In an effort to catch up to their international counterparts, airlines across the U.S. have been upgrading their first class cabin wine selections reports Bloomberg.
With Singapore Airlines and Emirates both serving Dom Perignon Champagne in first class, which retails at $150-160 a bottle, American passengers who spend thousands of dollars on a first class seat have begun to expect more than wines that retail for $8.99-19.99. American Airlines’ first class cabin still sips on Bogle Vineyards sauvignon blanc, for example, which retails for less than $10 a bottle nationwide.
But finally, some airlines are strategically stocking luxurious wines that can also handle the harsh environment of pressurized cabins while eliminating lowbrow wines that don’t “show” well in-flight according to wine experts. Delta has eliminated generic pinot grigio from premium cabins, for example. “If a wine has problems they will be magnified at altitude,” said Jet Blue’s wine consultant Jon Bonné at an event to unveil the airline’s spring menu.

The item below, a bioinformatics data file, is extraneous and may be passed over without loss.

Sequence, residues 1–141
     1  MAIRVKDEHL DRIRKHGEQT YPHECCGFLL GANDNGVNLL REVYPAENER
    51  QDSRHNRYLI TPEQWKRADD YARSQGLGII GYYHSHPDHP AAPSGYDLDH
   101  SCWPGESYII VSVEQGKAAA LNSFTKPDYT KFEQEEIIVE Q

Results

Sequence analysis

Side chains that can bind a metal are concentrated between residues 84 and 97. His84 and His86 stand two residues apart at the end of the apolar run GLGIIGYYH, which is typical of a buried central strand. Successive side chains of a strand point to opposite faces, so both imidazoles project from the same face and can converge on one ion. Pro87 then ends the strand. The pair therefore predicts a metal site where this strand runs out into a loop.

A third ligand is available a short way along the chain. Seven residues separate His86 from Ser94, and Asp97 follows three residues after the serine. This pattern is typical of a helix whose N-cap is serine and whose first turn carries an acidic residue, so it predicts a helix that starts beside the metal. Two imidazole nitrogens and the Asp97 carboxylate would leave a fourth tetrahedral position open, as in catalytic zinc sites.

But why have airlines taken so long to catch up? It’s partially because U.S. airlines are still rebounding financially from 9/11, needing time and money to compete with their their European and Asian counterparts. In addition, the disparity has become more apparent with international competitors pouring wine directly from the bottle to mirror fine dining rituals, ultimately revealing what they are pouring. Chris Rossi, a senior executive at Virgin Atlantic Airways says, “you don’t want to serve a bottle of Yellow Tail.” [Bloomberg] [Photo: Flickr.com/somemixedstuff]